How could the performance have been better?

Get a different narrator, preferably Toby Longworth who can actually capture the spirit and mood of the 41st Millennium.

Was A Thousand Sons worth the listening time?

Considering I couldn't make it through the book, I really can't say.

1 of 1 people found this review helpful

  • Overall
    5 out of 5 stars
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    5 out of 5 stars
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    5 out of 5 stars
Profile Image for SAXON117
  • SAXON117
  • 27-12-17

when you want to route for the bad guys

The story of the Thousand Sons finally told from their view. Are these bad guys really the bad guys after all? Graham McNeill knocks it out of the park once more!

1 of 1 people found this review helpful

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    5 out of 5 stars
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    5 out of 5 stars
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    5 out of 5 stars
Profile Image for Amazon Customer
  • Amazon Customer
  • 29-03-18

Finally a good story

Finally a good story that follows the Heresy from an Astartes point of view. Sheds light upon a legion that I never really cared for but this has changed my point of view on the Thousand Sons.

  • Overall
    2 out of 5 stars
  • Performance
    1 out of 5 stars
  • Story
    4 out of 5 stars
Profile Image for John T Lacy
  • John T Lacy
  • 18-03-18

Someone wanted to write a Space Wolf book.

What disappointed you about A Thousand Sons?

Overall, there are two things that drove me insane here. Firstly, as the headline states, the author clearly wanted to write a different book. The Wolves feature prominently, and that doesn't bother me, its just how overpowering the writer made them Small squads are outshining hundreds of soldiers with armor backup, a single member takes a whole tower, things like that. While the Sons are busing watching and seemingly cheering and gushing over them, it's frustrating that this happened.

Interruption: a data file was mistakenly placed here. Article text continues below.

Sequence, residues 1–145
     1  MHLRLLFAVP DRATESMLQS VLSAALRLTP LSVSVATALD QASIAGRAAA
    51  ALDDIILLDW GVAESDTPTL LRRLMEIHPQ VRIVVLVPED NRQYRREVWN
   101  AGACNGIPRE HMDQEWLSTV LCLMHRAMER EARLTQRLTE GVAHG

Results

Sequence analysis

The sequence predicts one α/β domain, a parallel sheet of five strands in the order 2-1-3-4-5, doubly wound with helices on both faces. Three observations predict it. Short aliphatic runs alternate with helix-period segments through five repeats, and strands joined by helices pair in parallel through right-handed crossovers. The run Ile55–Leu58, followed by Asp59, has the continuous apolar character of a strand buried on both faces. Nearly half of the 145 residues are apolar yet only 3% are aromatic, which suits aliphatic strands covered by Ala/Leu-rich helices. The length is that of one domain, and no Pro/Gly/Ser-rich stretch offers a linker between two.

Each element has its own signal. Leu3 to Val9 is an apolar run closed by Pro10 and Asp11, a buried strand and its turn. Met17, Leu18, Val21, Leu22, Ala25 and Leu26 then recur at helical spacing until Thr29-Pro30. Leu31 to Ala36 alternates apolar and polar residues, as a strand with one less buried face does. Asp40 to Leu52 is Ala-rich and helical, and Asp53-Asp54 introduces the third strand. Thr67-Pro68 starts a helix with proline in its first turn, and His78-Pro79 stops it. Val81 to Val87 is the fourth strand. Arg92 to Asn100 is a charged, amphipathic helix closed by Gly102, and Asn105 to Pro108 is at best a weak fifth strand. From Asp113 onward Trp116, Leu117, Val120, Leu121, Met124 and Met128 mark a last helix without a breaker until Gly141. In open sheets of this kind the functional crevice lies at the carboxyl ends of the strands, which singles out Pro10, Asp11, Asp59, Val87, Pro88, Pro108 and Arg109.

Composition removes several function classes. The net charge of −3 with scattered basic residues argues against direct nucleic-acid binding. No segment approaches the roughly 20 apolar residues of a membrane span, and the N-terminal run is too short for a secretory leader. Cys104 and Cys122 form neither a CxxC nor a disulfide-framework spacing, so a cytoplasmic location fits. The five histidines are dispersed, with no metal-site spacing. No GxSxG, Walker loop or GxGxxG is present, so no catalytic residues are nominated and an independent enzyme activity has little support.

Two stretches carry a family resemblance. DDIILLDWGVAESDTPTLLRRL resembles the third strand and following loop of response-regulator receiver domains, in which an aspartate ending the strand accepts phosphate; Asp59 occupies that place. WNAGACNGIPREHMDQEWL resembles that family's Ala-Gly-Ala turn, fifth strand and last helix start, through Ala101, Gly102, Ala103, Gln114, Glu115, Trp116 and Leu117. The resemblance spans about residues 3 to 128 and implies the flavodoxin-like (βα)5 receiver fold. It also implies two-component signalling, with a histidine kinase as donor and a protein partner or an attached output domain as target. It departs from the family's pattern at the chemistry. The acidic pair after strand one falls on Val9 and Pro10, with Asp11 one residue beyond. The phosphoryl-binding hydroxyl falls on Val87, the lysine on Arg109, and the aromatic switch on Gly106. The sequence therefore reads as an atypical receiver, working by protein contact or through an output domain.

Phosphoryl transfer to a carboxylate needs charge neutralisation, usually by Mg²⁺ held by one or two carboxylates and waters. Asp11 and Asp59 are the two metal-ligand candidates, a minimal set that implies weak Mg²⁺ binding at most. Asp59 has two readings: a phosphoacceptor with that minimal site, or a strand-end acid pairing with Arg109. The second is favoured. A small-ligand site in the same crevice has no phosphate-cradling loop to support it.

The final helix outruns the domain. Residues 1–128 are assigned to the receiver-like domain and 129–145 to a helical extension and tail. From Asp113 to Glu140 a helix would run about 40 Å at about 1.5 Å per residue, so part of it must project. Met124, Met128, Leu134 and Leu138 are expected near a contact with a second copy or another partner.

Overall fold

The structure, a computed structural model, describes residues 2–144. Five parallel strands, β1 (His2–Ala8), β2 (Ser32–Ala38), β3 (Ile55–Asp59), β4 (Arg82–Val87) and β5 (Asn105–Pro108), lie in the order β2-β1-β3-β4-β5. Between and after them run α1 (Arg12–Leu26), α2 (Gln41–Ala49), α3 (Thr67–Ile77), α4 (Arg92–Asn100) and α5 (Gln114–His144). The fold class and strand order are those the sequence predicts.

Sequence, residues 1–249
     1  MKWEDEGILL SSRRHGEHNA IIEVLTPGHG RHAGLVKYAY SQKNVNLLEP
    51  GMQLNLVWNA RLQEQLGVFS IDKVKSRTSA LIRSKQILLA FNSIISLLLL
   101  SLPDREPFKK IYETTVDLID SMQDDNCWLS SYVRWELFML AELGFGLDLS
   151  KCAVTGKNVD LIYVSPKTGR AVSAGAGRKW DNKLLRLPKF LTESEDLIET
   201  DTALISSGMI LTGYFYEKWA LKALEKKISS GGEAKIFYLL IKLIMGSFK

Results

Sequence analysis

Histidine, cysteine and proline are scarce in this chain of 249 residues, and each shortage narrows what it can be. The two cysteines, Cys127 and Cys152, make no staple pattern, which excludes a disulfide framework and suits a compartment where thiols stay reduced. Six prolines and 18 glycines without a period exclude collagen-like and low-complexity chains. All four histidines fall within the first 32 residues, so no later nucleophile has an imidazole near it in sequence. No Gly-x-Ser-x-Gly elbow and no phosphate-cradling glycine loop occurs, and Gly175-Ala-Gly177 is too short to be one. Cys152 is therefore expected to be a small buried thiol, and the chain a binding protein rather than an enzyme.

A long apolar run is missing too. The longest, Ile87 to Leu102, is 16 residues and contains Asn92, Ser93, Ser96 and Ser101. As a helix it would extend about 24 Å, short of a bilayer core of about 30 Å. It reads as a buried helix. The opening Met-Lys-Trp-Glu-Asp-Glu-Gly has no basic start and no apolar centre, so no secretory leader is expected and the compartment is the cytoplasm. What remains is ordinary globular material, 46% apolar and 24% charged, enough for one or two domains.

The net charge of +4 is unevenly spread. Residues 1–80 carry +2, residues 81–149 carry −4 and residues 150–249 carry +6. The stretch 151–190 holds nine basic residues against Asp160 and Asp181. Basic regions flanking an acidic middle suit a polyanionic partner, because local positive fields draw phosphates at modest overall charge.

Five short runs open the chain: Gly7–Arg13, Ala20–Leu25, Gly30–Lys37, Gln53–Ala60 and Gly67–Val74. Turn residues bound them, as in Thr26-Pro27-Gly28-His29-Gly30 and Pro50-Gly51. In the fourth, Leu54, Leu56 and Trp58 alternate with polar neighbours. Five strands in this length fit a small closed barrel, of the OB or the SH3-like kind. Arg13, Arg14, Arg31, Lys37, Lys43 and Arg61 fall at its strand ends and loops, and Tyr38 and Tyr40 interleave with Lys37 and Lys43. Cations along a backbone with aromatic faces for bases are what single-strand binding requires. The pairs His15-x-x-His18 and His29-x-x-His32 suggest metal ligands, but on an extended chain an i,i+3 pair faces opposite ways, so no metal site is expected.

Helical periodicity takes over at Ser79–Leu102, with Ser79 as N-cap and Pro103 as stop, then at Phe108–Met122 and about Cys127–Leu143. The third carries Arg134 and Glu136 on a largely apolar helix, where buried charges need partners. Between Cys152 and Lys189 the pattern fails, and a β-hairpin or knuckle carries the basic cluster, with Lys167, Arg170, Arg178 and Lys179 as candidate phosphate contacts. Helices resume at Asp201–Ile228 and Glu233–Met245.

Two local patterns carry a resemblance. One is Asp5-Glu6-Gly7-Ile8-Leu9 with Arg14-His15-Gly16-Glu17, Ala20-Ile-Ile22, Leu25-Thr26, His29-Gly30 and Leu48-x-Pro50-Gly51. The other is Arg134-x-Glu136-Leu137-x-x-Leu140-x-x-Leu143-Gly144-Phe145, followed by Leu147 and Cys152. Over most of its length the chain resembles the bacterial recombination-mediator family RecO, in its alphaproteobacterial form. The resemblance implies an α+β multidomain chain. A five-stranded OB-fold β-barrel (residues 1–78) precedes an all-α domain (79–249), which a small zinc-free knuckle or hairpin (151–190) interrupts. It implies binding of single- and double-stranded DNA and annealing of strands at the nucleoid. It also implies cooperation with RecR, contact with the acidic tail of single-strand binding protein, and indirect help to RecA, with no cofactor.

Yes, the Sons have a few moments, but it really just doesn't feel right.

Second, the reader. As others have said, he makes almost every character sound like a crying child. Case in point (potential SPOILER!) The one of the characters has been betrayed by a man he thought a friend, realizing that the things he had taught him could now be twisted and turned into an example as to how the Sons are dangerous and out of control.

He is furious in words alone, but the reader makes it sound as though he were a child that just has his sweet stolen by a classmate. It's maddening! These are supposed to be Space Marines, and beyond that, those with the greatest minds and control over their emotions, when that anger breaks through it should be terrifying and something you remember.

Well, I'll remember this one all right...

What other book might you compare A Thousand Sons to and why?

Cant think of one offhand, it's all over the place.

Would you be willing to try another one of Martyn Ellis’s performances?

While not a bad reader, it shouldn't be for Space Marine books. Stick to Imperial Guard, guys that really would be crying over what they face.

If you could play editor, what scene or scenes would you have cut from A Thousand Sons?

Anything that made the Sons play such a sad role compared to the Wolves.

Any additional comments?

Overall, disappointing. The Thousand Sons are the only Chaos faction I play. I love their lore, the looks and feel of the legion. I'm just sad they didn't pick an author that felt the same.

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    5 out of 5 stars
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    5 out of 5 stars
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  • Anonymous User
  • 28-02-18

Background

The most insightful book yet of the Horus Heresy. Fabulous background on not only the thousand sons but The Emperor of Mankind

  • Overall
    3 out of 5 stars
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    3 out of 5 stars
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    3 out of 5 stars
Profile Image for Amazon Customer
  • Amazon Customer
  • 19-02-18

An integral part of The Horus Heresy

A vital view upon the happenings at Prospero......when you slog through the muck to get there. While waiting for duels between vikings and sorcerers it seems you MUST learn the stories of.....a rotund mortal man that has no significance in The Heresy. Where you would like to hear of Magnus and his origins you just have to learn of a woman who has visions when she touches things. McNeil has enthralled me in past works such as the Ultramarines Omnibus, I found this work could have been much more ground shaking. (pun intended)